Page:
This paper concerns an empiric study of the method for the determination of pregnancy by utilizing the urinary enzyme called forth by the development of the placenta as outlined by Malone.1
In the first place, it is possible to urge the following general criticisms against the method:
It has been quite conclusively shown by qualitative methods in the hands of Peiper,2 Plaut,3 Jobling and Petersen,4 and others, that the enzyme occurring in the blood, which Abderhalden utilized as a test for pregnancy by the color reaction with ninhydrin, when applied to the dialysate from a digest of blood containing this enzyme and the specific substrate placenta, is not a specific one, and quantitative methods by Van Slyke5 have demonstrated this to be true to a degree beyond question.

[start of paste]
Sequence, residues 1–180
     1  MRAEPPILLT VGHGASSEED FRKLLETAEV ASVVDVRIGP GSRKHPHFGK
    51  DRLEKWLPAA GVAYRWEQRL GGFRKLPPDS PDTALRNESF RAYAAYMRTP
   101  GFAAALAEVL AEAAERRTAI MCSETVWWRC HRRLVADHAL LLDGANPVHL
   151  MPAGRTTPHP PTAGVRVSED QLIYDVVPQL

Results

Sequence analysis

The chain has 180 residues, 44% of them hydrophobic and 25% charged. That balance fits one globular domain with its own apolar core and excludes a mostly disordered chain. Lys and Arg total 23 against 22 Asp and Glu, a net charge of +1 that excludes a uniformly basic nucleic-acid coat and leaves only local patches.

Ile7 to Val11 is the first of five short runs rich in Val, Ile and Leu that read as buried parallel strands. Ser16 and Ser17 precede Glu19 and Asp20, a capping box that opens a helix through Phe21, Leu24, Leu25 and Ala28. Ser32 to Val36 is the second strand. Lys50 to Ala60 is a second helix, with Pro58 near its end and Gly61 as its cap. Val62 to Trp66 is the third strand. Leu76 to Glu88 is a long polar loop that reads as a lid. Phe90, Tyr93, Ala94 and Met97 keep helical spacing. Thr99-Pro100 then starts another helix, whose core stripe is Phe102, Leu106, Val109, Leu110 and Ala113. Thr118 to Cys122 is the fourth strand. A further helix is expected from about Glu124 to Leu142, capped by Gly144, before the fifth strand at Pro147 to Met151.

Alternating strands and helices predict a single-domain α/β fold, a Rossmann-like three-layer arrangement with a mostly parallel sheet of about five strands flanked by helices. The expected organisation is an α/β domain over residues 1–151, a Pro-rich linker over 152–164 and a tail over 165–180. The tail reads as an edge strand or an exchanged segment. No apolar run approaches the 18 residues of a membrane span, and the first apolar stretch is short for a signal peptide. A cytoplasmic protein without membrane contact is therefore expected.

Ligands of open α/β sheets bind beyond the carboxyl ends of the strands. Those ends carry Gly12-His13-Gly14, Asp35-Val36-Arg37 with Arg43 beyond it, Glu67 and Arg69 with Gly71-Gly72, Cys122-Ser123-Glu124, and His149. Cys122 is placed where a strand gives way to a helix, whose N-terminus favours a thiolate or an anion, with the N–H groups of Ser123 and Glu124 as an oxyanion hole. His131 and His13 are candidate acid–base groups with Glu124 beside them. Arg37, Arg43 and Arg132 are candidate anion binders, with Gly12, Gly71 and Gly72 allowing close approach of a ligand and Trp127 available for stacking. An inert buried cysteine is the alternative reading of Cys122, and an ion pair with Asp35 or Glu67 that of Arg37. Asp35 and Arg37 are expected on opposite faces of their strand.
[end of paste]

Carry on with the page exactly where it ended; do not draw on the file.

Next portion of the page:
Two sources exist for the appearance of proteolytic enzymes in normal urine, namely, excreted enzymes from the subject, and, secondly, those
CUTTER IS, MORSE M. EXPERIENCES WITH THE KIUTSI-MALONE URINARY TEST FOR PREGNANCY. JAMA. 1916;LXVI(8):559-560. doi:10.1001/jama.1916.02580340015007